Just playing around in the shop and came accross these planes. I made them a couple years ago, and really enjoyed it. Nothing too fancy, and the basic plans came from a book on making hand planes. They are a pleasure to use as the shavings come peeling through the throat opening. That nice whoosh sound that only planes make, and shavings thin enough to read through! And a polished surface that’s left behind. So much satisfaction in using them, knowing you made them. ...
Bam! I was lurking in the shadows of Craigslist and what did i see? An older gentleman selling all his woodworking equipment and moving into a smaller place. I couldn’t tell from the picture in the post what the make of the DP was but I recognized that familiar Powermatic gold paint! I emailed and the son who was listing it for his computer illiterate father sent me a huge picture of it and sure enough it was a Powermatic drill press. I arranged to go look at it, the guys place was abou...
Edited 8/21/09: A couple of years ago I took an intro class on wood carving. The school had on hand some carving benches for the students to use but, naturally, I had to make my own design. Below is the design that I came up with. It was small enough for me to lug to class and large enough to handle most of the carving projects that I anticipate doing. It also allowed me the flexibility to accommodate various sizes of work and be able to reposition them without unscrewing and re-screwing...
I was very intruiged by Steve Latta’s DVD for Lie-Nielsen “Fundamentals of Inlay: Stringing, Line & Berry” and the associated line of inlay tools that they offer along with it. I learned (by way of the Villiage Carpenter) that Steve has been touching a longer course on inlay for quite some time, and used to advocate the manufacture of your own tools, in the style that Lie-Nielsen is now offering. When looking at those offerings, I did think that several of them could...
I picked up this used Delta Jointer off of craigslist for $115. Seems like a good deal! I need to get some push blocks (the guy had lost his). I think the blades need to be sharpened, I’ll do some reasearch on that next!
Where can you buy 1000 (full size) sheets of (nice, waterproof) sandpaper for $1.00? Those were the first things to go; I managed to grab 2 boxes in the frenzy, one box of 150 grit, one of 280… Need a sheet? let me know! At 8:00 Saturday morning, Grizzly Industrial’s annual tent sale in Muncy PA opened their doors. I thought I would check this thing out, and actually got there 15 minutes early thinking I would take a look around before the crowds showed up at 10:00 or so…...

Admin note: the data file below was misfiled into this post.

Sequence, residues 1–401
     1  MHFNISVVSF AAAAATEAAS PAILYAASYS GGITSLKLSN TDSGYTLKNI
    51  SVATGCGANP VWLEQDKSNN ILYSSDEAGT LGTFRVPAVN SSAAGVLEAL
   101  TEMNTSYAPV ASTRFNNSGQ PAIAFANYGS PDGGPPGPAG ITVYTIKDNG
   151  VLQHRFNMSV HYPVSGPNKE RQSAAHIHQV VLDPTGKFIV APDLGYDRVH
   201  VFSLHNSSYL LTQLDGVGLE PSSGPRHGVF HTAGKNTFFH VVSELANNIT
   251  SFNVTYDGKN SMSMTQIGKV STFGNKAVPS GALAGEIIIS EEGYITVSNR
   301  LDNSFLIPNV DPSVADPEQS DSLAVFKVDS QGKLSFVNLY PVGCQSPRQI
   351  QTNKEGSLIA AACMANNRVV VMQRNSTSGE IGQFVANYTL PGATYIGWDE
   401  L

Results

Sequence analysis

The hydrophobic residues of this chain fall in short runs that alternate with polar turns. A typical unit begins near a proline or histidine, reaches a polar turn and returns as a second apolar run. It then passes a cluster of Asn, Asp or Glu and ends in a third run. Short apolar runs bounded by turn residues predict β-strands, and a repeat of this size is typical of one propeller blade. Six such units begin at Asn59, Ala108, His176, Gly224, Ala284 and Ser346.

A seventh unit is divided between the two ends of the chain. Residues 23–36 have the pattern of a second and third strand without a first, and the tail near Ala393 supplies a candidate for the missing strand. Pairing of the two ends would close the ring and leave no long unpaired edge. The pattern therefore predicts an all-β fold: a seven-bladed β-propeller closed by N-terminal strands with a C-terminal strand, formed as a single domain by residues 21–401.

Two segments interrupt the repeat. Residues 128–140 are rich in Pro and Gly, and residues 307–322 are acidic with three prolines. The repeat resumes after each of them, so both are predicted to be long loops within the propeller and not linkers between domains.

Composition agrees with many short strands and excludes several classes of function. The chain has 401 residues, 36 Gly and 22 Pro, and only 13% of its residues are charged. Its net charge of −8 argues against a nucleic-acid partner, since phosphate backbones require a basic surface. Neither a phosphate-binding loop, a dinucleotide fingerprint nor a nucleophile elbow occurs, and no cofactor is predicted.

...dinge ling dinge dong all is fjong …... here we twist again as we did last summer … chatter to the left … chatter to the right …da dum da dum … chatter to the left make a ½ turn around the new hole ... continue down to the end of the board twist around with an elegant swing … chatter to the right …..... humm humm humm all is fjong…........... okay I think you get …. I´m happy this weekend … no it allready started monday whe...
This is a Stanley Bailey #3 Type 10 Bench Plane that I picked up a few weeks back at a local antique street sale. It was better than the one that I had set aside to restore. (I’ll save the other one for Obi if he wants it) The purchase price for this plane was $20. The first step in the restoration process is to determine the type of the plane and condition of the plane. To do this I looked up the plane using the stanley bench plane dating page. using information from the plane. ...
So as I have mentioned in previous blogs, I have been studying and collecting Japanese hand tools. And my favorite book which has inspired the collection is JAPANESE WOODWORKING TOOLS by Toshio Odate. In this book there is a section on saws (Nokogiri) where Odate proudly displays a favorite in his collection: This saw was a rip saw used to mill large stock. The wide blade was designed to keep the cut straight in very thick lumber. It was used by the mighty kobiki-shokunin (s...
My recent battle with the cheap electric chainsaw, and subsequent redesign of my 36” crosscut saw’s handle have seen several people recommending I rive my huge logs with a simple wedge and sledgehammer system. I’d seen it done before, but had always thought the splits were messy – not an issue if I’m just making some turning blanks. I also feared that such shock-treatment of the logs would lead to microcracks and extra checking later. I’m probably just bein...
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